Transmission models have been used to understand complex systems and to predict the impact of control policies. Methods have generally improved, with an increased use of stochastic models, and more advanced methods for formal model fitting and sensitivity analyses. Insights gained from these models could be broadened to a wider range of pathogens and settings. Improvements in the availability of data and statistical methods could enhance the predictive ability of models.
BMC Infectious Diseases 06/2013; 13(1):294. DOI:10.1186/1471-2334-13-294 · 2.61 Impact Factor
Available from: Lilach Hadany
- "Attempts to compare the different treatment strategies and assess their relative efficiency have been made both in empirical studies [12-17] and using theoretical analysis [10,18-20]. All in all, results obtained using both approaches have been inconclusive. "
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Antibiotic resistance in bacterial infections is a growing threat to public health. Recent evidence shows that when exposed to stressful conditions, some bacteria perform higher rates of horizontal gene transfer and mutation, and thus acquire antibiotic resistance more rapidly.
We incorporate this new notion into a mathematical model for the emergence of antibiotic multi-resistance in a hospital setting.
We show that when stress has a considerable effect on genetic variation, the emergence of antibiotic resistance is dramatically affected. A strategy in which patients receive a combination of antibiotics (combining) is expected to facilitate the emergence of multi-resistant bacteria when genetic variation is stress-induced. The preference between a strategy in which one of two effective drugs is assigned randomly to each patient (mixing), and a strategy where only one drug is administered for a specific period of time (cycling) is determined by the resistance acquisition mechanisms. We discuss several features of the mechanisms by which stress affects variation and predict the conditions for success of different antibiotic treatment strategies.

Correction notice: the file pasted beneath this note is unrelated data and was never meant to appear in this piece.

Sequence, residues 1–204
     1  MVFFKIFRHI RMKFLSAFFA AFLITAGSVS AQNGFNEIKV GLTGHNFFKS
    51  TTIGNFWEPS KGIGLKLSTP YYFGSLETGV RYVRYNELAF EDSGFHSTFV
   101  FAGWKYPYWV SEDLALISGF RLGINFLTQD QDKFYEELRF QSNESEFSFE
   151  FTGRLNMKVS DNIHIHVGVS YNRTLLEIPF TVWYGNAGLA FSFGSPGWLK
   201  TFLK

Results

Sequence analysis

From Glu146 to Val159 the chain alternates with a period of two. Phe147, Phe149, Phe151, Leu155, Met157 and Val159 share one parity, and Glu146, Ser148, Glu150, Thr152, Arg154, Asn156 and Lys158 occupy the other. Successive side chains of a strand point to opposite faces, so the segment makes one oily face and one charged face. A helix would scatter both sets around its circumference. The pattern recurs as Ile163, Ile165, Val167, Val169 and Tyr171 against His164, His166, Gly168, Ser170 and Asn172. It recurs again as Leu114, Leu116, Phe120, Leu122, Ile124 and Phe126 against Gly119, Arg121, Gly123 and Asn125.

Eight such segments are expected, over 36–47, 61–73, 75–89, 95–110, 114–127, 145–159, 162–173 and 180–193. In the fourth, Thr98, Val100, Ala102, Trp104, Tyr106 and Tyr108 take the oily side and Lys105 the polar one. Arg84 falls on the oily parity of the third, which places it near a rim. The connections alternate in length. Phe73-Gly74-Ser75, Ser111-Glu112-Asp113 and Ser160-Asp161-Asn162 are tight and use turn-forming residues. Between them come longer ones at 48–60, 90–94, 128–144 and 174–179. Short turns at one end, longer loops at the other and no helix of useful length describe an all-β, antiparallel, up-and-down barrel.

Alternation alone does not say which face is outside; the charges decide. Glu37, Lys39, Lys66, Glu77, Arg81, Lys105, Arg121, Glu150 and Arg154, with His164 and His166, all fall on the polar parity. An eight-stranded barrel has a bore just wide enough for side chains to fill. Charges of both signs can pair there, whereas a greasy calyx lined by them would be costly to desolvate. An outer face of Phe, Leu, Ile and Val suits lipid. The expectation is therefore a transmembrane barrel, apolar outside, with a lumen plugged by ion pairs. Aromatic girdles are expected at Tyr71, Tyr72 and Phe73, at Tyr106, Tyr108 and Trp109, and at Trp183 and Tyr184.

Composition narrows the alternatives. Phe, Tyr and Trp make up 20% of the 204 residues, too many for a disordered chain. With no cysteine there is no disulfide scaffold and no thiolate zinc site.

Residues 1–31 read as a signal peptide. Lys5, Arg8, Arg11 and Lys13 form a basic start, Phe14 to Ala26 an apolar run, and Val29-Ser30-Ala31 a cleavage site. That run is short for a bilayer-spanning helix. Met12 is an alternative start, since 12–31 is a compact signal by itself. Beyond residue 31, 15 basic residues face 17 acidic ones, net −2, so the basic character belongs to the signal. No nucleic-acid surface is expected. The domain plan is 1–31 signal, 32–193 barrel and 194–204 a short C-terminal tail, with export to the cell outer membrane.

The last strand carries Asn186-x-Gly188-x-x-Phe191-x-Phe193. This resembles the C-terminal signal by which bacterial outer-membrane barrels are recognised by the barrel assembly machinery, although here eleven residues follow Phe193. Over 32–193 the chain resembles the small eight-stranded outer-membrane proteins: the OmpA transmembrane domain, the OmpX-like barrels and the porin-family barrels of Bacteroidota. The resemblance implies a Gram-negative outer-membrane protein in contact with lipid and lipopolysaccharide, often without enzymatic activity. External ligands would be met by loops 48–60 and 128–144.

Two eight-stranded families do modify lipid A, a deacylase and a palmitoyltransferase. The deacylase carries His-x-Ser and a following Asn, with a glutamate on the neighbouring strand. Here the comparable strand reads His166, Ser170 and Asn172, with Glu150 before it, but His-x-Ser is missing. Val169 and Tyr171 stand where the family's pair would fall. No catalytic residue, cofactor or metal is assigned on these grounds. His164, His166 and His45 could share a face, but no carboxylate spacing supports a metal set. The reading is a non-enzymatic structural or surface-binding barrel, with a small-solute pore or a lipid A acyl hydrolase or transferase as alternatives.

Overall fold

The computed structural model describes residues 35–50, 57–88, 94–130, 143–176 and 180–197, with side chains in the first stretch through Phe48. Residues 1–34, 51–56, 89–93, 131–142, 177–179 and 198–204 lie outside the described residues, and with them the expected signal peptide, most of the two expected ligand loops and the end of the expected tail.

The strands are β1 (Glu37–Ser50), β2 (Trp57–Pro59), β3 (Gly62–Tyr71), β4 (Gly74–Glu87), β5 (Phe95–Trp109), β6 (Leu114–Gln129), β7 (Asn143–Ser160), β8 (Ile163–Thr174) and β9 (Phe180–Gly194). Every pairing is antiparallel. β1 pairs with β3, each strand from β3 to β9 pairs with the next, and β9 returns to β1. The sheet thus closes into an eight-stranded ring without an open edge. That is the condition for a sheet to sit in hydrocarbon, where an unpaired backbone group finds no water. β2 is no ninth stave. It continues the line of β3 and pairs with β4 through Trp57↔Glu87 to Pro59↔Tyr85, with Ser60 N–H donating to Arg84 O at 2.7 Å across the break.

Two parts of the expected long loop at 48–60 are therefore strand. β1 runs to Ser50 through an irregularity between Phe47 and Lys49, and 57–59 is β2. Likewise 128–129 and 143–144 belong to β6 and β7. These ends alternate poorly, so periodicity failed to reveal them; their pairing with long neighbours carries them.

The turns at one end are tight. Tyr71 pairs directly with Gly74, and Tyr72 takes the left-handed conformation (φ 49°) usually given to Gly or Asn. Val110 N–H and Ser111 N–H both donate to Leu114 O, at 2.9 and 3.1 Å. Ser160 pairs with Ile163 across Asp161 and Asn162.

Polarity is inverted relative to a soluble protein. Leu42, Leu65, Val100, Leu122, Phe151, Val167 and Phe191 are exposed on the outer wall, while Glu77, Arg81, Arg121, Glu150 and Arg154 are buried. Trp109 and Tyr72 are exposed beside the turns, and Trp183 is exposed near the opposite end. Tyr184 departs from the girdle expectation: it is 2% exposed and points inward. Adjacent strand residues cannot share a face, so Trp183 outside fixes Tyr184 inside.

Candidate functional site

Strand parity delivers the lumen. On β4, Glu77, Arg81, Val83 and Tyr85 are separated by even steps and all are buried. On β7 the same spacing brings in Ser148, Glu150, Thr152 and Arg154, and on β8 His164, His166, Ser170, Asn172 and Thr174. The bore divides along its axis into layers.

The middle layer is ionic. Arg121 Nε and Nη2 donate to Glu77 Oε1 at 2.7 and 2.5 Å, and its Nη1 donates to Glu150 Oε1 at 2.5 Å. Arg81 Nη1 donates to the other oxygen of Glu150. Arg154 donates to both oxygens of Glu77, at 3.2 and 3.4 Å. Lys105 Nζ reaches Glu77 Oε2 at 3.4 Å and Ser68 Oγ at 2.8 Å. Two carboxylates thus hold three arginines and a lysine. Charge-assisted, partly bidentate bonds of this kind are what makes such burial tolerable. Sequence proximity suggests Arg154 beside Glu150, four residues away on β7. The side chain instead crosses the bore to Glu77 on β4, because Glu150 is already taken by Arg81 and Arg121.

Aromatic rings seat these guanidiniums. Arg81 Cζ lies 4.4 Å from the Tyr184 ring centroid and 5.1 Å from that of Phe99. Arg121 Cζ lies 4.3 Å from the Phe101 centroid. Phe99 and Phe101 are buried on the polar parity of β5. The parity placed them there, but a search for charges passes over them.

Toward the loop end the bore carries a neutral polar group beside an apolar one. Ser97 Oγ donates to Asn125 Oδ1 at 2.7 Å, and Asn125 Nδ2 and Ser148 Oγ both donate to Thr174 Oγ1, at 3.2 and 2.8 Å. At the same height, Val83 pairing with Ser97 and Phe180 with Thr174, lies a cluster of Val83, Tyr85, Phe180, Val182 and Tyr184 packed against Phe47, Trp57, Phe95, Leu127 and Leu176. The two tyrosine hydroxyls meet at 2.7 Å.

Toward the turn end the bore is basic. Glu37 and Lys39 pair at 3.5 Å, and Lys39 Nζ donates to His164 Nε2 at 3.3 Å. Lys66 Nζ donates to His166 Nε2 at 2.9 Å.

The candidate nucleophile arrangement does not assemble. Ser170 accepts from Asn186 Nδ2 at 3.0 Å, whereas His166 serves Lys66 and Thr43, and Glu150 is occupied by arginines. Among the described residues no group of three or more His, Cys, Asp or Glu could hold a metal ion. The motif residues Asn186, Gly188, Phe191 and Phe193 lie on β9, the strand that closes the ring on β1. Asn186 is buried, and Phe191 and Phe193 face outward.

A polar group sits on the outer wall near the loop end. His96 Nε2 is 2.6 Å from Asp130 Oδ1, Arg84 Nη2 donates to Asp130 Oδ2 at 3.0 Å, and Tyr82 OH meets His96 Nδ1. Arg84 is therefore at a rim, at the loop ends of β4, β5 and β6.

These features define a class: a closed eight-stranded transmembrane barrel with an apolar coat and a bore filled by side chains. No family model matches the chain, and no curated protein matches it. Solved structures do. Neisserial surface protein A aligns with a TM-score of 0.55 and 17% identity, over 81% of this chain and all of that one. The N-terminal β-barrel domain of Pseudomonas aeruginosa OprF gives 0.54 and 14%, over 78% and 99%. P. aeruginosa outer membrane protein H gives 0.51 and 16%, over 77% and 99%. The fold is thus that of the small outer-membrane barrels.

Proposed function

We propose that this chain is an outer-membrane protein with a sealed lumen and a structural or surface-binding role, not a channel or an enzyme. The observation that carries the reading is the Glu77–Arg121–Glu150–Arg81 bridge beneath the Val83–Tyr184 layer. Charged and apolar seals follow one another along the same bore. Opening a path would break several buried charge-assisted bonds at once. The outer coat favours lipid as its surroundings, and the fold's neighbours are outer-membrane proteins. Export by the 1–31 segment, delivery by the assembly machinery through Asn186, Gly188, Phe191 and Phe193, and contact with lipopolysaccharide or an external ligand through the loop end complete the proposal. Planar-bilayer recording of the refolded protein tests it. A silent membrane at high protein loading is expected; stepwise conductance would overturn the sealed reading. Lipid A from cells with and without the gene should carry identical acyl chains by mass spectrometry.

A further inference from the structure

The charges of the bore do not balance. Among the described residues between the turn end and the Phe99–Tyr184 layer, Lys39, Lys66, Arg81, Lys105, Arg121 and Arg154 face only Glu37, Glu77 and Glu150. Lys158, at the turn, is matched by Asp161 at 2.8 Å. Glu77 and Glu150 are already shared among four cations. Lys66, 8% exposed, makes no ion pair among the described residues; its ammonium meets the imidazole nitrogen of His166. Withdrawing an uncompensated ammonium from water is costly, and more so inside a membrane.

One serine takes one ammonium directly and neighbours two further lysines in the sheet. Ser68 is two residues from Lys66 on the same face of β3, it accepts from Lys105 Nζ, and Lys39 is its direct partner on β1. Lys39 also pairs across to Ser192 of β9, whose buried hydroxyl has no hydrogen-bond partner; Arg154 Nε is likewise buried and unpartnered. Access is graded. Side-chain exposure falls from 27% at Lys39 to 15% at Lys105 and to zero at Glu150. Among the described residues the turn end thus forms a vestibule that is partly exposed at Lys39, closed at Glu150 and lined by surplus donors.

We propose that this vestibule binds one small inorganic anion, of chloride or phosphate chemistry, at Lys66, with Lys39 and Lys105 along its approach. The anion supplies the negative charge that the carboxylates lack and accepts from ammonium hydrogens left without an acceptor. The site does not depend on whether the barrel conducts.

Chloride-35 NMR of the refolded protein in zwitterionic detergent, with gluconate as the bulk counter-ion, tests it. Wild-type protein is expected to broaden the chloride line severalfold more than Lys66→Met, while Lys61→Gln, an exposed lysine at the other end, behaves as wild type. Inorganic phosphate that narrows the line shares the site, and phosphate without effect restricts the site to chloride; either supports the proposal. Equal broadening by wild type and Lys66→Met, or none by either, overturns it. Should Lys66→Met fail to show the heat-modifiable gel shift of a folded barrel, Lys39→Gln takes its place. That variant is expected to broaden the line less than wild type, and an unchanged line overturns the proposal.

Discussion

These findings should encourage research on the mechanisms of stress-induced genetic variation and establish the importance of incorporating data about these mechanisms when considering antibiotic treatment strategies.
BMC Medicine 08/2012; 10(1):89. DOI:10.1186/1741-7015-10-89 · 7.25 Impact Factor
Available from: exeter.ac.uk
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ABSTRACT: We ask the question Which antibiotic deployment protocols select best against drug-resistant microbes: mixing or periodic cycling? and demonstrate that the statistical distribution of the performances of both sets of protocols, mixing and periodic cycling, must have overlapping supports. In other words, it is a general, mathematical result that there must be mixing policies that outperform cycling policies and vice versa. As a result, we agree with the tenet of Bonhoefer et al.  that one should not apply the results of  to conclude that an antibiotic cycling policy that implements cycles of drug restriction and prioritisation on an ad-hoc basis can select against drug-resistant microbial pathogens in a clinical setting any better than random drug use. However, nor should we conclude that a random, per-patient drug-assignment protocol is the de facto optimal method for allocating antibiotics to patients in any general sense.
Mathematical Biosciences and Engineering 10/2010; 7(4):923-33. DOI:10.3934/mbe.2010.7.923 · 0.84 Impact Factor